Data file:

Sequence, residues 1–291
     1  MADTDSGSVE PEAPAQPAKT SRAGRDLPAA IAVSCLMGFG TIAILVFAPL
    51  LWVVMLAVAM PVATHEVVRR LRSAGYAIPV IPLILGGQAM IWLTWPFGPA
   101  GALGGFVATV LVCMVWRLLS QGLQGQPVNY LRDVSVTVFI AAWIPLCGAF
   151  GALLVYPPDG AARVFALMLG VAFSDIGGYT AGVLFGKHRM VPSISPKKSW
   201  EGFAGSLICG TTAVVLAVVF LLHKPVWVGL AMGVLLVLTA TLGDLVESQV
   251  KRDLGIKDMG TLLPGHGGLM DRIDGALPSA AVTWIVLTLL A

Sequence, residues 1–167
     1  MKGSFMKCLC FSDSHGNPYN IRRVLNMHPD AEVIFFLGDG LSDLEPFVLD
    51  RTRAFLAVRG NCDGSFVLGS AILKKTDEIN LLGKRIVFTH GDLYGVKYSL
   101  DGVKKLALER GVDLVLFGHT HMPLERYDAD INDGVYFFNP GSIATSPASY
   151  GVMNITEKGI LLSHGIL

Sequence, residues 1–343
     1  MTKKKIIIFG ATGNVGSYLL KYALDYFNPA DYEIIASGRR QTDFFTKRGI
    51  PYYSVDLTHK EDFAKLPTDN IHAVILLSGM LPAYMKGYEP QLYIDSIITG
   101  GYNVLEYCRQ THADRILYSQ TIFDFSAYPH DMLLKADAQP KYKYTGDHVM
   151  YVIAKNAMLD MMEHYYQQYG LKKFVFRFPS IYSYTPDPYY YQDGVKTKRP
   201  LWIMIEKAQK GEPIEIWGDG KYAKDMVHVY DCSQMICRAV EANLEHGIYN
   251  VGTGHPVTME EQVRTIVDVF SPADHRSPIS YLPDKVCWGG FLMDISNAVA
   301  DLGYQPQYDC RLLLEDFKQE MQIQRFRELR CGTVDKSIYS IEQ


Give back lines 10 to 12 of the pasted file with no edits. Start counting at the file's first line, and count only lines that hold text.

    51  RTRAFLAVRG NCDGSFVLGS AILKKTDEIN LLGKRIVFTH GDLYGVKYSL
   101  DGVKKLALER GVDLVLFGHT HMPLERYDAD INDGVYFFNP GSIATSPASY
   151  GVMNITEKGI LLSHGIL